The government’s efforts to give a boost to trading in shares of small and medium enterprises (SME) through stock market platforms seem to have failed to strike a chord with investors.
Even after the launch of two dedicated exchanges for SME trading by both the Bombay Stock Exchange (BSE) and the National Stock Exchange (NSE), high net-worth individuals and private investors are still apprehensive about participating in these trades, mainly due to a lack of sufficient incentives for merchant bankers and the high cost of regulatory compliances, a study by the Federation of Indian Micro, Small and Medium Enterprises (FISME), has found.
While seven companies have got listed on BSE’s platform, there are only two on NSE’s, according to market sources. Trading remains insignificant on both exchanges.The two platforms were created to help small enterprises raise capital in the primary market through an initial public offering (IPO) or rights issues and provide them with equity financing opportunities.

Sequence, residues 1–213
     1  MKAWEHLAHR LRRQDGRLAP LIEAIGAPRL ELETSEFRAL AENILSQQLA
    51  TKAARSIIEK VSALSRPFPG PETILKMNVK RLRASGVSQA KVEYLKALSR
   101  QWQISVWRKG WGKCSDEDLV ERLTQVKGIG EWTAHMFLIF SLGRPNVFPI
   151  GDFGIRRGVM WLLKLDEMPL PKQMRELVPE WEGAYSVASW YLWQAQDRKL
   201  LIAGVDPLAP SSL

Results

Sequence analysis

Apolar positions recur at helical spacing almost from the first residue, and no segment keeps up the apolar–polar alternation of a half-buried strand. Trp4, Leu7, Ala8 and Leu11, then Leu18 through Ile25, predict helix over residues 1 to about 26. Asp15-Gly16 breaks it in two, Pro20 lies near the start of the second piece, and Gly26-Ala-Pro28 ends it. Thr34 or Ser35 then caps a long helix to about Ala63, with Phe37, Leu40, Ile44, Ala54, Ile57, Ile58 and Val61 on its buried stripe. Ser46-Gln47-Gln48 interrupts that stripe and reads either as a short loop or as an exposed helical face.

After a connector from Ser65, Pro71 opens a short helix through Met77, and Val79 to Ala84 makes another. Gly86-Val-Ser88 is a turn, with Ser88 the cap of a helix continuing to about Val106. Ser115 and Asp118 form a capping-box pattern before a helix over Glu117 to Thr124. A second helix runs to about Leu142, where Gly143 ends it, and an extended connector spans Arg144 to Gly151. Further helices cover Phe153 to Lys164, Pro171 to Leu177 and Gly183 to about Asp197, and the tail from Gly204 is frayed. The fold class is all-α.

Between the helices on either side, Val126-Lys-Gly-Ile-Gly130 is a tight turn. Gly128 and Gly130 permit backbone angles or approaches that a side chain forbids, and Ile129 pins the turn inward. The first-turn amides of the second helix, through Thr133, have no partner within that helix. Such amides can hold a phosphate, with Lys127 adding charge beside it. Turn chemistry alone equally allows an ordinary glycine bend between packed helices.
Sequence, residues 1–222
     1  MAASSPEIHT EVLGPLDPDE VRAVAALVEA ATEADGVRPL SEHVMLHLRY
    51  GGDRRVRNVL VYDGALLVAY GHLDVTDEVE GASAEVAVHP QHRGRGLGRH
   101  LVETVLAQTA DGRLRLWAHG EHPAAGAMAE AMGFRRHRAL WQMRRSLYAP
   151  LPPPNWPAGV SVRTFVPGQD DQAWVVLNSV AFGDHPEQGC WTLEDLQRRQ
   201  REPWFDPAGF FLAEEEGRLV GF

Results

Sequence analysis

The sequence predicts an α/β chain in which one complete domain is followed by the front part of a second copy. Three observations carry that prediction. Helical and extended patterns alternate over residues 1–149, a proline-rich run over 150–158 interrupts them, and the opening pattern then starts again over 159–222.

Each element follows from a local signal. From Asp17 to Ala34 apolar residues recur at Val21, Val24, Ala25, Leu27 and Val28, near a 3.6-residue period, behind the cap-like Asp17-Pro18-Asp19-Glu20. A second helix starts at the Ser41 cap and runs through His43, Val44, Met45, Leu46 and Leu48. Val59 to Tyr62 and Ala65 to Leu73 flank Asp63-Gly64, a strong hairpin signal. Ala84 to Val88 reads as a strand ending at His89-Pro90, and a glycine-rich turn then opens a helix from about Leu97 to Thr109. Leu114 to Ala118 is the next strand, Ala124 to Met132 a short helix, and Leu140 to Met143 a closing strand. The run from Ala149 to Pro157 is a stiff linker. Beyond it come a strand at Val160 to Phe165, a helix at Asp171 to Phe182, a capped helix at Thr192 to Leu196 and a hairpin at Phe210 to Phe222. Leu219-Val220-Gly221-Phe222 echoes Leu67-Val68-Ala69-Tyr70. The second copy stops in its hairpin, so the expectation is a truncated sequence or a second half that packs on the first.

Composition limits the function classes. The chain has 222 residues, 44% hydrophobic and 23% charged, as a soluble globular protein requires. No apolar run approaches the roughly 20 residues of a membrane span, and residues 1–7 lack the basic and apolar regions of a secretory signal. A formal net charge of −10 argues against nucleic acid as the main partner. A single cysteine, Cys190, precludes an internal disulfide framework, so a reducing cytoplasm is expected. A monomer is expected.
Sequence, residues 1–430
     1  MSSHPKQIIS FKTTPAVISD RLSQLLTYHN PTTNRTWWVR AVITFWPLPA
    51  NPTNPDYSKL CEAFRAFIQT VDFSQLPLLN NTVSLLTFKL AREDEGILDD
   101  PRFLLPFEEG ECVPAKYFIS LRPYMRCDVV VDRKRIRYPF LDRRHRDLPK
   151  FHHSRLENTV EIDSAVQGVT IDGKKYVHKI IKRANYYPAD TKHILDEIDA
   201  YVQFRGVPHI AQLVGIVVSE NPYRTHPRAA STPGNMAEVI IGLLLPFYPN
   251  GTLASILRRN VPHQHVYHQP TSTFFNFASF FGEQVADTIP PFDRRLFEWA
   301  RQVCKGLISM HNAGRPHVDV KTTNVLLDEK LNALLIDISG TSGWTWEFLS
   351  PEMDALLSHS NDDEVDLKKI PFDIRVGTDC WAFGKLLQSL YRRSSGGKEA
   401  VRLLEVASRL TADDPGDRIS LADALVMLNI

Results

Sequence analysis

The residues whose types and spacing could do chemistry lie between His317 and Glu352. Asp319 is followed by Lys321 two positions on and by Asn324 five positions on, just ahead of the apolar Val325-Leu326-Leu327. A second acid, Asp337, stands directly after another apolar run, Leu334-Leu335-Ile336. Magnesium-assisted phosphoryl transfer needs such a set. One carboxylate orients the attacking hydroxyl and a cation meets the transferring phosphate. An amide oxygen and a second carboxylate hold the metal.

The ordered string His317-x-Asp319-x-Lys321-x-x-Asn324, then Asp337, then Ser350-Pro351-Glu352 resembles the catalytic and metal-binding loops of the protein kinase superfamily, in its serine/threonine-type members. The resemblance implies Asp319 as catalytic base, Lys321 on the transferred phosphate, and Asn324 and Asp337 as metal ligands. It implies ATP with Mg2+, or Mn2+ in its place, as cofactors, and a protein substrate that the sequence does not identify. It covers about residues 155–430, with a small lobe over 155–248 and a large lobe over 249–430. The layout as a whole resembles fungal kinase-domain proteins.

Any company with an issue capital smaller than R10 crore at the time it makes its IPO is allowed to list on an SME platform. Merchant bankers who manage an SME listing are mandated to underwrite the new offering and appoint brokers to act as market-makers for at least three years from the date of listing. Market-makers are brokers who take the risk of holding shares to facilitate trading, in return for compensation.
“Intermediaries, including banks, have to identify right firms for listing,” said Atul Seksaria, a chartered accountant.
The study has suggested that the government should advise financial institutions to set aside a small portion of their investment funds earmarked for the capital market towards investments in SME exchanges.
“Investors were initially apprehensive because they didn’t have good experience in the earlier years, but now we’re trying to gain their confidence,” said Ravi Tyagi, head, NSE SME exchange.